2. Thought. When someone puts thought into offering gratitude, feedback or even constructive criticism, then recognize that you are likely to have something to treasure here. Maybe they took the time to write a note, or maybe they have obviously thought ahead about what they want to say to you. This is not off-the-cuff comment, but thought through and careful communication. Don’t miss it, it is probably worth your time to ponder it before God.
3. Insight. When someone has not just thought about what they want to say, but show an insight into what you said or did, then you have valuable feedback. Sometimes people are quick to appreciate an illustration that made them laugh – great, be thankful for positive response, but when someone sees what you were saying and takes it forward an extra step, or applies it in an appropriate direction you hadn’t considered, then you have something to be valued.
When we stand in front of people to preach, to teach, or to lead, then comments will come our way. Let’s pray for grace to always value the person more than the comment, discernment in evaluating how much that comment should mark our ministry, humility to guard against sabotage by praise, and resilience to withstand attacks not designed to help us, but rather to do damage. Words can do so much, but let’s ask God to help us distinguish what is truly helpful in the midst of so much talk.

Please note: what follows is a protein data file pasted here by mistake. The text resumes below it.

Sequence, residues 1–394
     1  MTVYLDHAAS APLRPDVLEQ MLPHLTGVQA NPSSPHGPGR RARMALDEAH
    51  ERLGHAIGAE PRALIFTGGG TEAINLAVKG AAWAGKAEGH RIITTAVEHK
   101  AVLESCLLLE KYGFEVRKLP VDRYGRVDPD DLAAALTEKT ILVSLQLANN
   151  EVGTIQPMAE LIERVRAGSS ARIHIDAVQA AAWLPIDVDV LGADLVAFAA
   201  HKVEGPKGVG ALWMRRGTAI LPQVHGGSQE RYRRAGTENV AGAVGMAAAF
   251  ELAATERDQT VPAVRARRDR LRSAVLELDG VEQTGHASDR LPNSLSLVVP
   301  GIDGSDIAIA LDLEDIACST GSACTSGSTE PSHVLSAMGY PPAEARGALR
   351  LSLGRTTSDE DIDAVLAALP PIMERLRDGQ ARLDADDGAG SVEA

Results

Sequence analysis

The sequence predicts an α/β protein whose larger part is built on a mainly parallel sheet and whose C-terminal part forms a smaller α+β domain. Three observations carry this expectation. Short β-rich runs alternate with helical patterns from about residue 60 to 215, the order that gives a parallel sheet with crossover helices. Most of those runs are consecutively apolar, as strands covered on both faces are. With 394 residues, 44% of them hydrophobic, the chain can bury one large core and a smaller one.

3 thoughts on “Feedback: Best Friend or Worst Enemy?”
Thanks Peter for these insights (for once I take time to comment on your posts, but that doesn’t mean I don’t value the others!); having preached yesterday its timely and I can easily relate to what you say. I’ll have to remember to bring the feedbacks to the throne first, as I tend to doubt the positive ones and believe the negative ones…
Peter, thanks for years of keeping this helpful site going. Question: have you come across a helpful review form for evaluation and feedback that you could share? Any tips for how to regularly collect feedback from the audience in a discrete yet effective way?
Thanks David. Honestly I find the most useful evaluation form to be a quadrant that asks for input on these four things: Biblical, Clear, Engaging and Relevant? That helps me get the feedback in line with my goals as a preacher. I find more specific forms that ask about introduction, conclusion etc tend to create an expectation on the shape of the sermon that I don’t want to feel constrained by. However, getting feedback from listeners depends on their awareness of preaching. For instance, a fellow elder can give feedback on all four areas, whereas a young Christian might be asked simply to evaluate clarity, or when they felt engaged or disengaged by the sermon. Asking one question tends to get better feedback from most people. In our church we as leaders try to evaluate each others messages fairly often (probably not as much as we should, but we do give input regularly).